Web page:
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give you a straight face with this version which you seem to get. along with this go away. you want to. how is he survived since one thousand nine hundred ninety four. it was with these words that thomas miller expressed his fear of execution and also all the questions about his case nineteen years he waited on death row nineteen years claiming his innocence. forcing you all right because you're going to be. right where you going to miscarry through. you know. this because this is you know. all right let's consider a deal to say to. mr bolton you know the seal of the record where you are right and all this difference that it was. a black man accused of killing
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a white man. typical for texas. during that month of one thousand nine hundred four thomas miller was on the eve of his execution. the day go through. the. we were not to see each other again. and eric. what was the incident that landed thomas miller on death row. it was an enigmatic and complex case for which we need to go twenty six years back
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in time. our investigation first leads us to the newspaper archives of the dallas library. a crime among many others but this one went far deeper. vague police reports manipulation and the supreme power of a g disagree system anchored in social discrimination. the a merciless machine that hides its actions but which the miller case will trouble. this. little is known about what thomas miller is accused of in the middle of the night criminals broke into a holiday inn on the outskirts of dallas they were after the cash register the hold up became a disaster. a young man died from numerous gunshot wounds he was the hotel
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receptionist. but what exactly happened on the night of november sixteenth one thousand nine hundred five one man may have an answer to this key question richard raina is not just a detective a maverick. he also specializes in the counter investigations of death sentence cases. thanks to him that innocent inmates were freed after many years on death row . prison oh my gosh i think they spent the better part of eleven years. right know that free they're free everything they did was wrong. but there they go they didn't have any representation at all when you know what there are solutions because there are prosecutors there are police officers in there well. that's going to happen the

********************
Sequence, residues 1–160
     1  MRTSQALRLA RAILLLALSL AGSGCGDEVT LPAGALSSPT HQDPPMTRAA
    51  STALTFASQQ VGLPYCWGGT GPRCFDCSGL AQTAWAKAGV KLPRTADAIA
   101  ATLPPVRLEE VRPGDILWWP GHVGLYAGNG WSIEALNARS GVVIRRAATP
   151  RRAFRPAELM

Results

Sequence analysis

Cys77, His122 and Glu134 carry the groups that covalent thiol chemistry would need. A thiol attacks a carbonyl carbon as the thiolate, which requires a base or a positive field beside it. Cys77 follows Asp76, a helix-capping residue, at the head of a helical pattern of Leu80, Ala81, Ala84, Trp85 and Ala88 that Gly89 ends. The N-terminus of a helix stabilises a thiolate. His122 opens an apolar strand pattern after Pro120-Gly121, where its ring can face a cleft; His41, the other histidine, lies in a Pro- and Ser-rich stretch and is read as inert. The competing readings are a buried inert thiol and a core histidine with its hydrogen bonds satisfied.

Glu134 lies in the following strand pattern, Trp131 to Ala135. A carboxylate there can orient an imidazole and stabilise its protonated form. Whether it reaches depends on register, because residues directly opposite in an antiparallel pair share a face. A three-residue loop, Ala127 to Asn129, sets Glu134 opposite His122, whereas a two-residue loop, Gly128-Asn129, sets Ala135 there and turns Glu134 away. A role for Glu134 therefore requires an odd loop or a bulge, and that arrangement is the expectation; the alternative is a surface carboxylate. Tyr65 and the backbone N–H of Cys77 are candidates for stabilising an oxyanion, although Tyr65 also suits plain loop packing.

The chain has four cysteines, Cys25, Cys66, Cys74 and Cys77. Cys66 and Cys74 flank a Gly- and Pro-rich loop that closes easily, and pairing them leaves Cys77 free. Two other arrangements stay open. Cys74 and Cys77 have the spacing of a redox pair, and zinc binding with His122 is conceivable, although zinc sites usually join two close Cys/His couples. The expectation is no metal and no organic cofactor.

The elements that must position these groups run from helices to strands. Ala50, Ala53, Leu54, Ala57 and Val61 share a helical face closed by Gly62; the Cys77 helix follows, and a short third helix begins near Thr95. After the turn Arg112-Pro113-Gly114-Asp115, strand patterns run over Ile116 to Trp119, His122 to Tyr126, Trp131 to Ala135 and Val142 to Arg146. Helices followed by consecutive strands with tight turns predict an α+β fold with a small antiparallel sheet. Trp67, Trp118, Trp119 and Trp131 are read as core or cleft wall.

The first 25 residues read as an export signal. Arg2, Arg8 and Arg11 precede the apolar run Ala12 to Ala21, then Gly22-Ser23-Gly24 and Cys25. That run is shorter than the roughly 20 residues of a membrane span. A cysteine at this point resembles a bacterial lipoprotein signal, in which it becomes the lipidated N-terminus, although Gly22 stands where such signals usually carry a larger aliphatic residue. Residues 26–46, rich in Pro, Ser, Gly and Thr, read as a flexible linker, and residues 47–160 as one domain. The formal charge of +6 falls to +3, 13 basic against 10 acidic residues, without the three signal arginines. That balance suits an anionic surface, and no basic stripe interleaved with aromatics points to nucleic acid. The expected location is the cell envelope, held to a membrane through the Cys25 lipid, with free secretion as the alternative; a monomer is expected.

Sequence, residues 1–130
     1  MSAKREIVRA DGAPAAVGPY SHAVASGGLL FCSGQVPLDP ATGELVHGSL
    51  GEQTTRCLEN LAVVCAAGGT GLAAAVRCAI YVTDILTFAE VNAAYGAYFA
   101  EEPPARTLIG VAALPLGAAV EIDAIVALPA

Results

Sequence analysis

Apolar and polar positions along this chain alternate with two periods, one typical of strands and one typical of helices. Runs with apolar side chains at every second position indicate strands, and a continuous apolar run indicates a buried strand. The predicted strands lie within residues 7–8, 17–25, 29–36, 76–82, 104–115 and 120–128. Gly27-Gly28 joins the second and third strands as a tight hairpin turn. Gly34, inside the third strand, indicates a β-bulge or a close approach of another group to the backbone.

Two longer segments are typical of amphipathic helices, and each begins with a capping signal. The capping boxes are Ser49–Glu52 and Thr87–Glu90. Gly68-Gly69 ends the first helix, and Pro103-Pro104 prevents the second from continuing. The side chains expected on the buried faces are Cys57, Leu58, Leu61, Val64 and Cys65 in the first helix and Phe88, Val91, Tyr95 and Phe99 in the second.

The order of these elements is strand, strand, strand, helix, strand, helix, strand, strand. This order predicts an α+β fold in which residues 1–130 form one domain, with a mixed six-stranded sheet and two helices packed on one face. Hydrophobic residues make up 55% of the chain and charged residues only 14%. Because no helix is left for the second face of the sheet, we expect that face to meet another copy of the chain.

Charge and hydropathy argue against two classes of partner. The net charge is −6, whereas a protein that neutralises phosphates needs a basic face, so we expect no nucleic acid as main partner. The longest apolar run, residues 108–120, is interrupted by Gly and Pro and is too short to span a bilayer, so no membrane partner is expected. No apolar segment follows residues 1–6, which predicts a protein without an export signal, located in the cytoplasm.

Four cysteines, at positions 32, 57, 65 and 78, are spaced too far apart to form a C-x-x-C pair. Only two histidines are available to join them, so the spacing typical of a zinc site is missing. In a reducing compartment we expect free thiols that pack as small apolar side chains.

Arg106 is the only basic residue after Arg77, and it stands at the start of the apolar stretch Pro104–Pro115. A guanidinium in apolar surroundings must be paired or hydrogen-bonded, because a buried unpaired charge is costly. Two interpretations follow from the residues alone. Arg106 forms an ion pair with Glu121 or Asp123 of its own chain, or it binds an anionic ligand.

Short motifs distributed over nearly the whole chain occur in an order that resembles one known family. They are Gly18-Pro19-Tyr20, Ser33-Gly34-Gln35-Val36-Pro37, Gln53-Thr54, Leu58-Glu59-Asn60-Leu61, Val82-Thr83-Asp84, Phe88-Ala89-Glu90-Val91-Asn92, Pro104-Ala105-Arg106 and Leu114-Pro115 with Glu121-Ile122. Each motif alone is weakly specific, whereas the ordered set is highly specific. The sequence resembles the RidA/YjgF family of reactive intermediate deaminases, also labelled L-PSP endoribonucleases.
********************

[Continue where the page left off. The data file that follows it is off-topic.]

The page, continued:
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problem is nobody hears very much truth. or justice they want to win you know they want to win this no matter what but this case it was incredible i made copies of every statement given by the. by the policeman. because certainly they had too many months where necessary to gain richard's trust and now he is willing to show his work on the miller case that name is very familiar these or the convictions this is a bank robbery that he supposedly did. this is what all the witnesses are going to testify to it so you you have all of that for you this this unique evidence enabled richard to form his own opinion. one that undermines the official version well. to argue that thomas was or was not there it's